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On Mon, 24 Jul 2000, Paul O Bartlett wrote:

>     Planned auxiliary langugages are much too important to be left to
> professional linguists, and they are much too important to be left to
> sloppy dilettantes.

    When I wrote this I was half in jest and half serious, and I wanted
to see what kinds of reactions I might get.

    As for the latter clause, I mean that one rather seriously.  Now I
myself am not a professional linguist, but I have noticed a sloppiness
in some writing by some advocates of this or that IAL: incorrect use of
decriptive terminology (I had to correct myself recently), assertion of
assumptions which are dubious at best, contamination from one's own
language as if they are somehow supposed to be language universals
("the way the mind naturally thinks" and such claptrap), tying a conIAL
into socio-political positions which may alienate some otherwise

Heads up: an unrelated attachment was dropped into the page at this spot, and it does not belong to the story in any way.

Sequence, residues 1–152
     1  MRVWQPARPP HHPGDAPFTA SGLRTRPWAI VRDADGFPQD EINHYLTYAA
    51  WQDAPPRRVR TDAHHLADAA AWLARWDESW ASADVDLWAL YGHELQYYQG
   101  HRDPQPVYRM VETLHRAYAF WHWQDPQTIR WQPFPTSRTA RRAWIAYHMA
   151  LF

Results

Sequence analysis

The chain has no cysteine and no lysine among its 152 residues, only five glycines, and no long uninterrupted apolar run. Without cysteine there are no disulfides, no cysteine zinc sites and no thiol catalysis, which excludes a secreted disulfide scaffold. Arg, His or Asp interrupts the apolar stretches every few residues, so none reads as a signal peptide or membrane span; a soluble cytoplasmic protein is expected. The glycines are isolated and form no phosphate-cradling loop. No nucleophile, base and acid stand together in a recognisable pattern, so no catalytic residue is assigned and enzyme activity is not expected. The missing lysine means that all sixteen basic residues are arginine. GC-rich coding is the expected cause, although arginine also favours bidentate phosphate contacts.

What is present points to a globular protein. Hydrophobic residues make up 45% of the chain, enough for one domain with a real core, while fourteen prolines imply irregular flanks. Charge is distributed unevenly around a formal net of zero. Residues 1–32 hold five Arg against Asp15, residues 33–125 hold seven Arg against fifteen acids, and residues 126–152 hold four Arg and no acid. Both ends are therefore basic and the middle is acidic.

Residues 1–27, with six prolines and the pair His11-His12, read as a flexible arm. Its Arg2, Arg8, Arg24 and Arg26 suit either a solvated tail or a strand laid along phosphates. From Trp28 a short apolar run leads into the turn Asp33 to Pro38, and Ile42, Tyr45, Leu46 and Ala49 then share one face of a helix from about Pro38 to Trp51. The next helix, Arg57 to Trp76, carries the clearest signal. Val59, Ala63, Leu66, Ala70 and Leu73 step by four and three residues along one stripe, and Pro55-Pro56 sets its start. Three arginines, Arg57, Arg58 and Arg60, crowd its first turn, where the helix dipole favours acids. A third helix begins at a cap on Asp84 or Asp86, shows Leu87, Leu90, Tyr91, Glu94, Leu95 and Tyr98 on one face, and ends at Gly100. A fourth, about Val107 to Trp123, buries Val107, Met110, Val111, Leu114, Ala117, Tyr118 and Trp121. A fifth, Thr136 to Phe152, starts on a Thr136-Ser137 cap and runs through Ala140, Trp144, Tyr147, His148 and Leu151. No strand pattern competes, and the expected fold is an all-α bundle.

potential users, and similar sloppiness which, in a sort of guilt by
association, may cause some people not only to take a particular conIAL
seriously but also to dismiss conIALs in general as the work of
crackpots.

    As for the professional linguists, certainly they may have input
into the process.  But I think it is a delusion that some allegedly
"more perfect" conIAL conjured up by theoreticians will somehow
magically have more likelihood of acceptance just because it has been
cooked up by professionals.  Although, in my opinion, characterictics
of any one conIAL may tend to work *against* its acceptance and use,
but barring any glaring problems, in the end acceptance and use of a
conIAL will *not* entirely depend on its linguistic characteristics,
no matter how "perfect."  Look at English: the most successful
international auxiliary language in world history to date, and how
"perfect" is it?

--
Paul                             mailto:[log in to unmask]
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Paul O. Bartlett, P.O. Box 857, Vienna, VA 22183-0857, USA
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